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Isn't that AWESOM?

Wednesday, 26 February 2014 - 6:00am IST | Place: Mumbai | Agency: dna

Somdev Devvarman registers first triumph against a top-five player after Argentina's Juan Martin del Potro pulls out with an injured wrist in their first-round clash in Dubai.
  • Somdev Devvarman won the first set in a tiebreak before Juan Martin Del Potro pulled out of their first round clash in Dubai on Tuesday. Reuters

Yes, Juan Martin del Potro was hurting. Yes, his backhand was as good as ineffective. Yes, he retired after conceding the first set. All of this probably takes the sheen off Somdev Devvarman's win in the first round of the Dubai Open, but the truth, well, is that he won.

On Tuesday, India's top-ranked singles player recorded the biggest win of his career by beating World No. 5 from Argentina. On a high after capturing the ATP Challenger in New Delhi on Sunday, Devvarman won the first set 7-6(3) in an hour and seven minutes before his burly opponent took a medical timeout due to tend to his left wrist. Minutes later, he returned to the court and shook hands with Devvarman. A concerned Devvarman did feel for his opponent, but soon broke into a smile. After all, he had won.

The victory was Devvarman's first against a top-five player. And mind you, del Potro is a Grand Slam champion. Prior to Tuesday's shock win, Devvarman's biggest wins came against against Croatia's Marin Cilic (No. 15) and Ivo Karlovic (No. 25) in 2009 and against Cyprus's World No. 22 Marcos Baghdatis in 2010.

It was del Potro who made the first move, breaking Devvarman early to take a 2-0 lead. The Indian, however, broke back immediately. The match was characterised by powerful groundstrokes, but del Potro stopped playing that powerful backhand of his midway through the set. At 5-6, Devavrman was staring at two set points, but he held his nerve and saved them both. In the ensuing tie-break, he raced to a 5-1 lead. The Argentine did save a couple of set points off his racquet, but a netted forehand gave Devavrman the set and, effectively, the match. Their head-to-head records reads 1-1.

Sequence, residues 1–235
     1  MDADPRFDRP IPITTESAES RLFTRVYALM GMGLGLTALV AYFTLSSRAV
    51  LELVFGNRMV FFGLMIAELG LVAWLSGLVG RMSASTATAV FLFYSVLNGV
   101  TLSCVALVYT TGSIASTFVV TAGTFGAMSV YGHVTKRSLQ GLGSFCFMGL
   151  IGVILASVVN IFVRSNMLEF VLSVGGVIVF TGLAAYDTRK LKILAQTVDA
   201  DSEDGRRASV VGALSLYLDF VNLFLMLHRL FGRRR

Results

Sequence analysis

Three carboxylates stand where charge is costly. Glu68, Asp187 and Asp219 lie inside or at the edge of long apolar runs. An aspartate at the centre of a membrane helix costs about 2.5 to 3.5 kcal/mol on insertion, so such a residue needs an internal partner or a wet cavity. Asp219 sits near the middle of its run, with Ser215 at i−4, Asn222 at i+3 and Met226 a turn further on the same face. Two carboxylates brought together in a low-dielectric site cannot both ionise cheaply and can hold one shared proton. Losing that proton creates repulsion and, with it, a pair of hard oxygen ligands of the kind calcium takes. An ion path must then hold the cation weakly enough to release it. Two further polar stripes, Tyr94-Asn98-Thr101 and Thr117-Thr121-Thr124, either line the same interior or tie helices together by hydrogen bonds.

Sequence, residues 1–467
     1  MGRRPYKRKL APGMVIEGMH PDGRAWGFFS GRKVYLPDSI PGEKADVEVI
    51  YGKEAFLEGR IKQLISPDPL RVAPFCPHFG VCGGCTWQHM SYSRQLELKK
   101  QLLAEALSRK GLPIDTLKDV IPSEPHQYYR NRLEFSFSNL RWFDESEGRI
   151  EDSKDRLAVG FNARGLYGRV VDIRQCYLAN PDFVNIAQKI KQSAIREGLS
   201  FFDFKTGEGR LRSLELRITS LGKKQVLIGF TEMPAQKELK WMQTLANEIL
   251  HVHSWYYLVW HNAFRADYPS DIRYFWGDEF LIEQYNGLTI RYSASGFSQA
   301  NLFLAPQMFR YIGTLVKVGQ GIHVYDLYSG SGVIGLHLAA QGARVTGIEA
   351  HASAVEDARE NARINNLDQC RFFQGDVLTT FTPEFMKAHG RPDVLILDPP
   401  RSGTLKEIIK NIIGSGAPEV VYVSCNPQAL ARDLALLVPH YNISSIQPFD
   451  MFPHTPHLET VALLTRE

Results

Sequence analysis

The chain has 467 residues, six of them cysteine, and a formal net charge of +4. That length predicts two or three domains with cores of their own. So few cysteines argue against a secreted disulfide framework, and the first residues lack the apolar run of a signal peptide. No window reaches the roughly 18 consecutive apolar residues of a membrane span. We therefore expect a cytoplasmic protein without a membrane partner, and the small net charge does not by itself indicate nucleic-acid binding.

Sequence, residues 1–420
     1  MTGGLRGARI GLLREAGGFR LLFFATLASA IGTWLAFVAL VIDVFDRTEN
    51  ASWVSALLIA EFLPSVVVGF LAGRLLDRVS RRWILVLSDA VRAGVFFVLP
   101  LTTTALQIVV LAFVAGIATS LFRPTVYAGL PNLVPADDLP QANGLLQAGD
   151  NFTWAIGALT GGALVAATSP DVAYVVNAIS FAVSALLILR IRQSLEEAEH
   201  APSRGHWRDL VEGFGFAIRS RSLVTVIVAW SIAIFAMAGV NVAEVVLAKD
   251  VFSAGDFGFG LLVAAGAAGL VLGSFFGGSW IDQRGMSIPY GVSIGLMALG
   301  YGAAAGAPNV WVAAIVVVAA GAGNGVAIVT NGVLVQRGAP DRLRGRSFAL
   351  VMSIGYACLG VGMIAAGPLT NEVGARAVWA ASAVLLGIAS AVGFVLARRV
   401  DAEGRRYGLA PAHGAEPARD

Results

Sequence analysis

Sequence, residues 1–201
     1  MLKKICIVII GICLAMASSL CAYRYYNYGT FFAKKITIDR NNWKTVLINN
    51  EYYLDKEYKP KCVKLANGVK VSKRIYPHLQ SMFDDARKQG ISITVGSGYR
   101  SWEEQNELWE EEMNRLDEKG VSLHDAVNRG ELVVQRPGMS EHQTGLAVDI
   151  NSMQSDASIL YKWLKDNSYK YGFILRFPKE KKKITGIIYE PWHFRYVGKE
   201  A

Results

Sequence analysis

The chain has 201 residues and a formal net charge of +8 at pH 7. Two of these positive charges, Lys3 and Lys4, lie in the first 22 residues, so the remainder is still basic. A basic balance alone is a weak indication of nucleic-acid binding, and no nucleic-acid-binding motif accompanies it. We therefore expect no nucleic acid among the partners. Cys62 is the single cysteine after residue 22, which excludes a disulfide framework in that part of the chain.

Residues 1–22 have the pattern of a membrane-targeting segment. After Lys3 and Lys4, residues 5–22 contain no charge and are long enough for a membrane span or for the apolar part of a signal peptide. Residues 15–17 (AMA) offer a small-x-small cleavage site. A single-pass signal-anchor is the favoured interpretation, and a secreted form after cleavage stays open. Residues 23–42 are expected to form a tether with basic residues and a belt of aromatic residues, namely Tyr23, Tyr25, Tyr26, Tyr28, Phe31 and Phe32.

"It's unfortunate, especially for a guy like him," Devvarman said. "I realised he wasn't comfortable hitting backhands and I tried to make him hit as many as I could, and he wasn't really hitting over it so I knew he wasn't happy."

"It's difficult to speak with you at the moment," del Potro told reporters. Fighting to keep control of his emotions, he added, "I am coming here out of respect, and I will let you know tonight or tomorrow what my injury is and what my plans will be. I don't feel really well. My wrist is hurting a lot, and, you know, everybody knows what's happen to me four years ago with my other wrist. It was really tough to play today and I tried everything, but it's very difficult to play in these conditions (windy) you know.

"I was playing slices and I could not be the player I would like to be. It's hurting all the time, sometimes less and sometimes a little more. But it's hurting, and I have been in contact with my doctor all the time.

He's trying to keep me motivated to keep playing, but I know what is my limit playing on court. Today was enough. Now I will see what he says for the future, and I will let you know very soon what's my plans are gonna be. I cannot say that (it will be surgery) yet — but I'm feeling similar pains to the other hand and what I felt four years ago. It's not really positive for my future. But I will do whatever the doctor says and I will have to be as strong as ever."

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